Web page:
Date Approved


Degree Type

Open Access Dissertation

Degree Name

Doctor of Philosophy (PhD)

Department or School

Leadership and Counseling

Committee Member

Barbara Bleyaert

Committee Member

Theresa Saunders

Committee Member

Ronald Williamson

Committee Member

Diane Parfitt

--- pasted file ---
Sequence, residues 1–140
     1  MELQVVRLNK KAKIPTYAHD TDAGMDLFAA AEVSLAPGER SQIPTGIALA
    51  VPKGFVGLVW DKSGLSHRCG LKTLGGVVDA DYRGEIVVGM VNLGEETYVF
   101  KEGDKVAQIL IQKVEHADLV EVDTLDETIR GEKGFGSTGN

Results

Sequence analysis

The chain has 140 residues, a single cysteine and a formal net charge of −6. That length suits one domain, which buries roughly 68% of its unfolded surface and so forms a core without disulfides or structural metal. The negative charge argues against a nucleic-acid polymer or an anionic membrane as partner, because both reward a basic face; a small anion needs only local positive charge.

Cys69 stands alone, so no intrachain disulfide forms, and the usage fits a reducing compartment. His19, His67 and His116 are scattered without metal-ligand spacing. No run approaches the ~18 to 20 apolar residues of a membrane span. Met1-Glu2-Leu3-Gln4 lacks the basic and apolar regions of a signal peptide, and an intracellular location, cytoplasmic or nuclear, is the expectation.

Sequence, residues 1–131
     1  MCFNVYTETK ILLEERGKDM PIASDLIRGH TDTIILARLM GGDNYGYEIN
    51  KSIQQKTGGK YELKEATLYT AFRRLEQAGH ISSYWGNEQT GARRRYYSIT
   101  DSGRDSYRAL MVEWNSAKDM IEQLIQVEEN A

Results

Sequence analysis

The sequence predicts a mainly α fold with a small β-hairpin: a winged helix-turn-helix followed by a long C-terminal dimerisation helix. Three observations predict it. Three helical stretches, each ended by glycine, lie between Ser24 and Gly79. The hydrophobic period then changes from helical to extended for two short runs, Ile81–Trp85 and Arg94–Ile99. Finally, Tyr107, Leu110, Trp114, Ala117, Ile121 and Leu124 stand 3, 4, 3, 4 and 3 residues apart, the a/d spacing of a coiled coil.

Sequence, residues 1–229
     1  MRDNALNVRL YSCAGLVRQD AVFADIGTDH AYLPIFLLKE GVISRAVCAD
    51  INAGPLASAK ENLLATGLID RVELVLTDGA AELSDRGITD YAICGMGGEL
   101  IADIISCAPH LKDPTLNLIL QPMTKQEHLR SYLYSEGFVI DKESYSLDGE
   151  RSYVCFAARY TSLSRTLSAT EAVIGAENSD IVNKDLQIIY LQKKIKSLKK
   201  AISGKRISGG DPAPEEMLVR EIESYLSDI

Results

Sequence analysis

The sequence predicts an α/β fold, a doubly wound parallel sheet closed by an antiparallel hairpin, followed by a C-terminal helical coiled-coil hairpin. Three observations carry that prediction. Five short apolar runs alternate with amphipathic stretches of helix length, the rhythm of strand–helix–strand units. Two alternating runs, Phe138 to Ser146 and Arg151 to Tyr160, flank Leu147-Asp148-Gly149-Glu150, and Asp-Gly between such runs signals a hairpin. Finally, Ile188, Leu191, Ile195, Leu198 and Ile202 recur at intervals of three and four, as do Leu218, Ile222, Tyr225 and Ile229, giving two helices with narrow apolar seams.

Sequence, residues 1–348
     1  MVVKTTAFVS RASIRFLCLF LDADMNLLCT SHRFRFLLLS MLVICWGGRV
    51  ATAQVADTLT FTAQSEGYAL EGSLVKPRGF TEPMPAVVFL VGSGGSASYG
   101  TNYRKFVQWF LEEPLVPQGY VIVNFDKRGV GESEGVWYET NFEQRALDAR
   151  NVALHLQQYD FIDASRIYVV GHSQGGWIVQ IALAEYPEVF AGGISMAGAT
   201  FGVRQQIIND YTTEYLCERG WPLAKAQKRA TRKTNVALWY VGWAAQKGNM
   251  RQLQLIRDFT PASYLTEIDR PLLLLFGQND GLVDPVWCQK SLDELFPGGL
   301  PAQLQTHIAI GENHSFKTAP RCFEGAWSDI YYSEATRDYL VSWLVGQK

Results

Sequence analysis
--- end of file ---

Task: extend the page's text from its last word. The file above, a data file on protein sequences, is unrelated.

The purpose of this study was to explore the educational histories and experiences of former teen mothers who have completed a post-secondary degree and to understand their challenges and successes. This study effectively served this population by expanding the diverse experience of teen mothers and their ability to defy society’s label of “teenage parent.” The study design was qualitative with the two modes, phenomenology and life history, being employed. Personal interview was the primary data collection method. The conceptual frameworks guiding the study were resilience theory and self-efficacy theory. The life stories of all five women were shared to provide a detailed perspective of their lived experiences. Four common themes emerged across the five participants: 1. Four of the five participants confirmed that their family members and friends played an instrumental role in helping them attain their college degrees; 2. There was representative thematic continuity of resilience within all of the five women’s ability to overcome many adversities; 3. Determination served as a protective factor for all of the participants in attaining their post-secondary degrees and coping with adversities; 4. All five participants possessed a desire to help other individuals. Recommendations resulting from the findings of the study included expanding the current study to include teenage fathers and a greater diversity of race ethnicity, tracking the educational data for teen mothers by educational facilities, and exploring the relationships of teen mothers and family members who provide assistance. Implications for educational leaders were also suggested.